This paper describes an on-chip interface for recovering power and providing full-duplex communication over an AC-coupled 4-wire lead between active implantable devices. The target application requires two modules to be implanted in the brain (cortex) and upper chest; connected via a subcutaneous lead. The brain implant consists of multiple identical ‘optrodes’ that facilitate a bidirectional neural interface (electrical recording, optical stimulation), and chest implant contains the power source (battery) and processor module. The proposed interface is integrated within each optrode ASIC allowing full-duplex and fully-differential communication based on Manchester encoding. The system features a head-to-chest uplink data rate(up to 1.6 Mbps) that is higher than that of the chest-to-head downlink (100 kbps) which is superimposed on a power carrier. On-chip power management provides an unregulated 5V DC supply with up to 2.5mA output current for stimulation, and two regulated voltages (3.3V and 3V) with 60 dB PSRR for recording and logic circuits. The 4-wire ASIC has been implemented in a 0.35 um CMOS technology, occupying 1.5mm2 silicon area,and consumes a quiescent current of 91.2u A. The system allows power transmission with measured efficiency of up to 66% from the chest to the brain implant. The downlink and uplink communication are successfully tested in a system with two optrodes and through a 4-wire implantable lead.
Haci D, Liu Y, Constandinou TG, 2017, 32-channel ultra-low-noise arbitrary signal generation platform for biopotential emulation, IEEE International Symposium on Circuits and Systems (ISCAS), Publisher: IEEE, Pages: 698-701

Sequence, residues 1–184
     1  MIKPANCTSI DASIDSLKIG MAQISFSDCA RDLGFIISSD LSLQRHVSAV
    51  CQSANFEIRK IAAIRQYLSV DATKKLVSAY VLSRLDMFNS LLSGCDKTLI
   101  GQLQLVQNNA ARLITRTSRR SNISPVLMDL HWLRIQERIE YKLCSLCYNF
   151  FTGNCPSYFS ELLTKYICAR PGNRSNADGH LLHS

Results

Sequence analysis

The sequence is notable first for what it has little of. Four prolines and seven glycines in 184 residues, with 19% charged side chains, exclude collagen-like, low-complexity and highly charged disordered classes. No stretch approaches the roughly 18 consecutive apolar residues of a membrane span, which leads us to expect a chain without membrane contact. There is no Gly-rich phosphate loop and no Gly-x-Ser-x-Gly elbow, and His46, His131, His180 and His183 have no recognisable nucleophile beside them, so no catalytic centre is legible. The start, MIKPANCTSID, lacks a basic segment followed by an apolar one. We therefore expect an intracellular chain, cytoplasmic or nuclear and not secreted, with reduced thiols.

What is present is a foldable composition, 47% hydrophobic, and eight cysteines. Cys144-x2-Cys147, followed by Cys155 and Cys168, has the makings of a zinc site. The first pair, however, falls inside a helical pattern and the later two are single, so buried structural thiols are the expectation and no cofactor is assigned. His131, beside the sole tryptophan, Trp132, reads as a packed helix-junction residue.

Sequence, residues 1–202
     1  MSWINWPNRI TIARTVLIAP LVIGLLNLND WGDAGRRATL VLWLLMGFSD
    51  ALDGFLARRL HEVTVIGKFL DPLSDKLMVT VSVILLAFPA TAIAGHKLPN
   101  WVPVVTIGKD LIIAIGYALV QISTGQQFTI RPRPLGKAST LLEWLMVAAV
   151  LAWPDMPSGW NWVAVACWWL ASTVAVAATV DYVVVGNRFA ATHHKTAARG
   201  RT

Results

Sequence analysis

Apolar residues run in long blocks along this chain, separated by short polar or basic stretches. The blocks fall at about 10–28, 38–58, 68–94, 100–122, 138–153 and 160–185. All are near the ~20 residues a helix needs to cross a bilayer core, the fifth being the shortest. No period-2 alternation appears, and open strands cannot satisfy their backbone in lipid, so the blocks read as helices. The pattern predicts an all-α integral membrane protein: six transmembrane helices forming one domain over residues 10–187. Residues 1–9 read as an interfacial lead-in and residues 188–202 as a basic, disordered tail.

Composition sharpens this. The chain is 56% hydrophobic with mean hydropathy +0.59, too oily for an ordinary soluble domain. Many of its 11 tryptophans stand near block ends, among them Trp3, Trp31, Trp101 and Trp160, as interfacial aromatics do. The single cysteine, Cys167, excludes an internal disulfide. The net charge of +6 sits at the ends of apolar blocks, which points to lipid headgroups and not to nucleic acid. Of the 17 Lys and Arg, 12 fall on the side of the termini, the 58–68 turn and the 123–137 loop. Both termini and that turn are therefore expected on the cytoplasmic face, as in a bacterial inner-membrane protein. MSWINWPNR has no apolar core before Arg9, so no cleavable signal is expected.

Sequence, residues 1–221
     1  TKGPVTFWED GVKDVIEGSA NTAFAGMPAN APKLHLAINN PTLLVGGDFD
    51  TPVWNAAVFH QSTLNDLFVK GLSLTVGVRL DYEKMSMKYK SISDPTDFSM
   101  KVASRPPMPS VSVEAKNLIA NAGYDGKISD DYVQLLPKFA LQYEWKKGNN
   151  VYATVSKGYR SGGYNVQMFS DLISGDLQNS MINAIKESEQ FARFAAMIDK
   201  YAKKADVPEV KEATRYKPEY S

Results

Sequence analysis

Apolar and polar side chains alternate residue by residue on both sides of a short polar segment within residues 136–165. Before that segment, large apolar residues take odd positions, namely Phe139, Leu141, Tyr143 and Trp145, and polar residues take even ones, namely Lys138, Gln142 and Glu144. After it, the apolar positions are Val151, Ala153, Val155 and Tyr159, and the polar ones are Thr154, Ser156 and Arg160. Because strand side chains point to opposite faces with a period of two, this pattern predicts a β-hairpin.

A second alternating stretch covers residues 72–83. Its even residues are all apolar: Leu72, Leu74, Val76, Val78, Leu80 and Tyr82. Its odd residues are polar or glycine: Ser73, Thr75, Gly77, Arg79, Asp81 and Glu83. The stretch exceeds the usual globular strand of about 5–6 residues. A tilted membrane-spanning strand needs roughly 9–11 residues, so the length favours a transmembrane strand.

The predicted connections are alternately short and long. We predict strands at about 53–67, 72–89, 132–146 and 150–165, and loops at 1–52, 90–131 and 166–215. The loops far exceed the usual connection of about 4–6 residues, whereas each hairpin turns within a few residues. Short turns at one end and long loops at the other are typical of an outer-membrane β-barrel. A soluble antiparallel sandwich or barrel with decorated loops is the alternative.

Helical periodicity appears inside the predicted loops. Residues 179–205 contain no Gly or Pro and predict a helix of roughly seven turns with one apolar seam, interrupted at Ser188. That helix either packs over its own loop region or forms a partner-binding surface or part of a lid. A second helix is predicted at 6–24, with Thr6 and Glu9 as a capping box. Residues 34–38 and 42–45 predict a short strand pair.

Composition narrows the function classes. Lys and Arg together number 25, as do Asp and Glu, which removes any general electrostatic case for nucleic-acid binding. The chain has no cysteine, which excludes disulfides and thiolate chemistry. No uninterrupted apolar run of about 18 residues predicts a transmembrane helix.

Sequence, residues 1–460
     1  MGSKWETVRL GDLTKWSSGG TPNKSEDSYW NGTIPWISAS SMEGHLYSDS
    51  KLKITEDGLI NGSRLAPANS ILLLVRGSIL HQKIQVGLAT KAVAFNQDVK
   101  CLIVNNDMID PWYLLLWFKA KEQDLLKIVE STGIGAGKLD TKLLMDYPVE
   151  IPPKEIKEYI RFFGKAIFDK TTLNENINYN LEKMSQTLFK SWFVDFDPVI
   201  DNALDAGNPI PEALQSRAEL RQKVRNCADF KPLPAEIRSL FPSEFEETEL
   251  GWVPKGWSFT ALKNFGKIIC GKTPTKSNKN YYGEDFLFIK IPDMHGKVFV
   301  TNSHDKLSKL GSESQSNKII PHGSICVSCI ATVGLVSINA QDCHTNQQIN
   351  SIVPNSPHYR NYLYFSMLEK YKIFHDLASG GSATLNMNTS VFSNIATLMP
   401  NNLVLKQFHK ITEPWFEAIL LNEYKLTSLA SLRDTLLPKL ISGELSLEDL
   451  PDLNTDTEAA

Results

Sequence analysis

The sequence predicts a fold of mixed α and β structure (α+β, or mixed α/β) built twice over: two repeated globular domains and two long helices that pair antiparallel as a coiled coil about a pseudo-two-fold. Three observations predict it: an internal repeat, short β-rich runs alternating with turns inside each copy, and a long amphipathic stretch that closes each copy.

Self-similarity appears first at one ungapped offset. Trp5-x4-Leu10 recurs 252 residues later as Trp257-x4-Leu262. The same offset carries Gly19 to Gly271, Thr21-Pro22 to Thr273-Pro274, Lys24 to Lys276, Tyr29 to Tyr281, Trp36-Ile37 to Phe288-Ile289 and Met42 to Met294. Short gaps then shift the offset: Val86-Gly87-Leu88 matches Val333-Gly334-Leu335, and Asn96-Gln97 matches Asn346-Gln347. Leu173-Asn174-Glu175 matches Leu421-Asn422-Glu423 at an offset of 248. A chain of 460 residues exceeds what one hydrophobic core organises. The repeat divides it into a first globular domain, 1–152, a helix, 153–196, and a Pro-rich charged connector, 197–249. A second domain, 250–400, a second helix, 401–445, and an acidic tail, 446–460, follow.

This paper presents a multichannel, ultra-low-noise arbitrary signal generation platform for emulating a wide range of different biopotential signals (e.g. ECG, EEG, etc). This is intended for use in the test, measurement and demonstration of bioinstrumentation and medical devices that interface to electrode inputs. The system is organized in 3 key blocks for generating, processing and converting the digital data into a parallel high performance analogue output. These blocks consist of: (1) a Raspberry Pi 3 (RPi3) board; (2) a custom Field Programmable Gate Array (FPGA) board with low-power IGLOO Nano device; and (3) analogue board including the Digital-to-Analogue Converters (DACs) and output circuits. By implementing the system this way, good isolation can be achieved between the different power and signal domains. This mixed-signal architecture takes in a high bitrate SDIO (Secure Digital Input Output) stream, recodes and packetizes this to drive two multichannel DACs, with parallel analogue outputs that are then attenuated and filtered. The system achieves 32-parallel output channels each sampled at 48kS/s, with a 10kHz bandwidth, 110dB dynamic range and uV-level output noise.
Ghoreishizadeh S, Haci D, Liu Y, et al., 2017, A 4-wire interface SoC for shared multi-implant power transfer and full-duplex communication, IEEE Latin American symposium on Circuits and Systems (LASCAS), Pages: 49-52
This paper describes a novel system for recoveringpower and providing full-duplex communication over an AC-coupled 4-wire lead between active implantable devices. Thetarget application requires a singleChest Devicebe connectedto aBrain Implantconsisting of multiple identical optrodesthat record neural activity and provide closed loop opticalstimulation. The interface is integrated within each optrode SoCallowing full-duplex and fully-differential communication basedon Manchester encoding. The system features a head-to-chestuplink data rate (1.6 Mbps) that is higher than that of the chest-to-head downlink (100 kbps) superimposed on a power carrier.On-chip power management provides an unregulated 5 V DCsupply with up to 2.5 mA output current for stimulation, anda regulated 3.3 V with 60 dB PSRR for recording and logiccircuits. The circuit has been implemented in a 0.35μm CMOStechnology, occupying 1.4 mm2silicon area, and requiring a62.2μA average current consumption.